"Raising the debt ceiling is politically explosive on the right. Some candidates pander and say they never will raise it," said Douglas Holtz-Eakin, president of the American Action Forum and economic adviser to John McCain in 2008. "Others will invoke something like the Boehner rule and argue that spending cuts will make it worth it. But the real test is who will say 'yes, we have to raise it'."
Crunch time for the bottom-tiers
Of the 10 Republicans participating in the prime-time debate, these four rank at the bottom: Mike Huckabee, Chris Christie, John Kasich and Rand Paul. And they've been there most of the race.
According to CNBC's average of recent national surveys, each of those Republicans poll around 3%. With the Iowa caucuses now just three months away, these candidates are under pressure not only to boost their rankings, but also to persuade donors to keep funding their bottom-tier campaigns.
Christie's campaign raised just over $4 million in the third quarter while Kasich raised around $4.4 million since launching his campaign. That's not much more than the $3.9 million Trump's campaign raised without actually trying. Meanwhile, Rand Paul raised $2.5 million last quarter, while Mike Huckabee pulled in $1.2 million.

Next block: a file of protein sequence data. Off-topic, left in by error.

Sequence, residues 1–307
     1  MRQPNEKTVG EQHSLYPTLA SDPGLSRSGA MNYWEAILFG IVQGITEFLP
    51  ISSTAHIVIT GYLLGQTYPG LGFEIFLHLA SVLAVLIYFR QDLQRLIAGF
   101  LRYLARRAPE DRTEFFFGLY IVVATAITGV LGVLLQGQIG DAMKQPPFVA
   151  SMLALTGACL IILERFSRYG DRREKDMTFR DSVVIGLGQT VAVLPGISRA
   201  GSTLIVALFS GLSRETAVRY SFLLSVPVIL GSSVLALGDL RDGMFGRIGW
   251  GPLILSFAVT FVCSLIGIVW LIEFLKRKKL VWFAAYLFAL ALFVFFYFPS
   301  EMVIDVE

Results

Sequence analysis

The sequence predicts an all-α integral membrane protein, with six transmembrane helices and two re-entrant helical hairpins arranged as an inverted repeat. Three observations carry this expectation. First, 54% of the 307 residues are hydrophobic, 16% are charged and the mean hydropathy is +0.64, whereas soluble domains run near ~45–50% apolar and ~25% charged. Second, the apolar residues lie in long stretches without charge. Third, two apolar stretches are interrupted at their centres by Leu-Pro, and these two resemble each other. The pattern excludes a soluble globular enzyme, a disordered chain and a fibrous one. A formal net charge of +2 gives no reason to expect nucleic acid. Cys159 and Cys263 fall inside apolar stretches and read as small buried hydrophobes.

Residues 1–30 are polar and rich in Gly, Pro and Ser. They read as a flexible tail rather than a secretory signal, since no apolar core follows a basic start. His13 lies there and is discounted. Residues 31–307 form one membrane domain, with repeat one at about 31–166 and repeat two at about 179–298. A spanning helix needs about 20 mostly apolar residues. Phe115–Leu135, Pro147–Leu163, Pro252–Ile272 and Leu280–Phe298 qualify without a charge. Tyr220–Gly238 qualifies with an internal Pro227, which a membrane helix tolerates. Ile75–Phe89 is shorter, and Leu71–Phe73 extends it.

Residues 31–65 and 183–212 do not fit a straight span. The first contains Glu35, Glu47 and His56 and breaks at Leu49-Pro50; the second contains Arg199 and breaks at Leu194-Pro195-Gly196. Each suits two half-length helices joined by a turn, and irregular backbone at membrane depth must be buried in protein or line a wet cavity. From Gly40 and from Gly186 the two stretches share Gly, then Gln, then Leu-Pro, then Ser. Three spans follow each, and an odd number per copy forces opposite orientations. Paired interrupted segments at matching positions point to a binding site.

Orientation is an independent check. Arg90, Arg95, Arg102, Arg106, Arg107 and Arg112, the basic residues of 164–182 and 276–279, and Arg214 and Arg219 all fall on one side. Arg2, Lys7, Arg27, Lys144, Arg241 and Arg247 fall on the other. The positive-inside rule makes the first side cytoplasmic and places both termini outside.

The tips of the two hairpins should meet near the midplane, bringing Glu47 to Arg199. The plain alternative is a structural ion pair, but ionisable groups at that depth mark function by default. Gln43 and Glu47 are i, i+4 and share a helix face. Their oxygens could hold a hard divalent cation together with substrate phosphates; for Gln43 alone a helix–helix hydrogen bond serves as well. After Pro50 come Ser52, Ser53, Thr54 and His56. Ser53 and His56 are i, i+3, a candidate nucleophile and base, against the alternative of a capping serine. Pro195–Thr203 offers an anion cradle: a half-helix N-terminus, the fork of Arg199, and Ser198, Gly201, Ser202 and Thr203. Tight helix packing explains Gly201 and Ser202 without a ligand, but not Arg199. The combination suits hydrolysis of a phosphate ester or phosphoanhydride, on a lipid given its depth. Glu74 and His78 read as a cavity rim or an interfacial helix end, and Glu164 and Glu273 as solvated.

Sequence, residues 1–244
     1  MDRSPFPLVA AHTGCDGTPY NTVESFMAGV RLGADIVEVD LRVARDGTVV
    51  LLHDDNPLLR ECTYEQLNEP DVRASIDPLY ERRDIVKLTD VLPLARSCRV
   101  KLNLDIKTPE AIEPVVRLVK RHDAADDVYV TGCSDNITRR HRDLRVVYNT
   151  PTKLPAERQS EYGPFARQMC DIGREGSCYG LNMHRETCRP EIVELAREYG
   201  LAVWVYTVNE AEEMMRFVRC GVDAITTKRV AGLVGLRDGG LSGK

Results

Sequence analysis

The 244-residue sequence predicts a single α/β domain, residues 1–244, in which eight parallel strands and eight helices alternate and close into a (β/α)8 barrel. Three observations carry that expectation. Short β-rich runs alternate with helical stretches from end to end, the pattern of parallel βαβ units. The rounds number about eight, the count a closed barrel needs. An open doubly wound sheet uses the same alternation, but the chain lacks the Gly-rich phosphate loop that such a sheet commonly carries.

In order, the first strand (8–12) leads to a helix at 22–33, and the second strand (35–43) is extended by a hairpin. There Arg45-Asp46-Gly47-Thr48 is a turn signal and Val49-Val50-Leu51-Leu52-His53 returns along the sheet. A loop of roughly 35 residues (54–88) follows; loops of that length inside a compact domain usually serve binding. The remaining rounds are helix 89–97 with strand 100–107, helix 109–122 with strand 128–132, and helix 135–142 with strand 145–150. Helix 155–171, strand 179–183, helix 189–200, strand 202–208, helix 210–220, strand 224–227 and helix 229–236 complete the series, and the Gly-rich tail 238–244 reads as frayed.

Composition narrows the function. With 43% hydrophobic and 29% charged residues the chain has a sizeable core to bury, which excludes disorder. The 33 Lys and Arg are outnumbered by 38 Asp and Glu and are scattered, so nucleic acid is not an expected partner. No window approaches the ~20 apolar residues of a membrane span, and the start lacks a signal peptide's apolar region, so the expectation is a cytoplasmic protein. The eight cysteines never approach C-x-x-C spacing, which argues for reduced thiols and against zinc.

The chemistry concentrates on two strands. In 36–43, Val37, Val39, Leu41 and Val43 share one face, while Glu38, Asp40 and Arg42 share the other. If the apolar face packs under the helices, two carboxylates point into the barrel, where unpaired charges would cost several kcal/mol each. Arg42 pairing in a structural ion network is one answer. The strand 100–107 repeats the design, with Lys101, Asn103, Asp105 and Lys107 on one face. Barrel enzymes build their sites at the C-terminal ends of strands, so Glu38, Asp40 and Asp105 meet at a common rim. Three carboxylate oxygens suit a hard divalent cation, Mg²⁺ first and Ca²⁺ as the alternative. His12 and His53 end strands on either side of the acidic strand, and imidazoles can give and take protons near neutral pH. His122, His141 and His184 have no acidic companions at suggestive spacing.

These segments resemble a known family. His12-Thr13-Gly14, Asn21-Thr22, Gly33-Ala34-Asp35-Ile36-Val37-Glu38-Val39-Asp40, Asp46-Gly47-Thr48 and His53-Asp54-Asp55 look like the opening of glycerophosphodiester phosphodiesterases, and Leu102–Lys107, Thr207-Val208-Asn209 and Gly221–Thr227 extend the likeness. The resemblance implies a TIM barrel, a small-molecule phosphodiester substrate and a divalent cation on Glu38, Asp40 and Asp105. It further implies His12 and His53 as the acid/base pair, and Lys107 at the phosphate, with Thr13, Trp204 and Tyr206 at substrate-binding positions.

Will there be much of a debate?
Every candidate faces a shared challenge Wednesday night: persuading viewers not to change the channel.
After coming under fire from candidates like Trump and Carson, CNBC agreed to keep Wednesday's prime time debate to just two hours, commercials included. The network also agreed to allow opening and closing statements for each candidate, which means even less time for the White House hopefuls to tackle questions, go after rivals and make a splash.
The first two GOP debates were record-setting blockbusters, pulling in an unprecedented 24 million and 23 million viewers each.
Not only are those numbers becoming increasingly hard to beat as the novelty of the debates wears off, but the debate also happens to collide with Game 2 of the World Series between the New York Mets and the Kansas City Royals.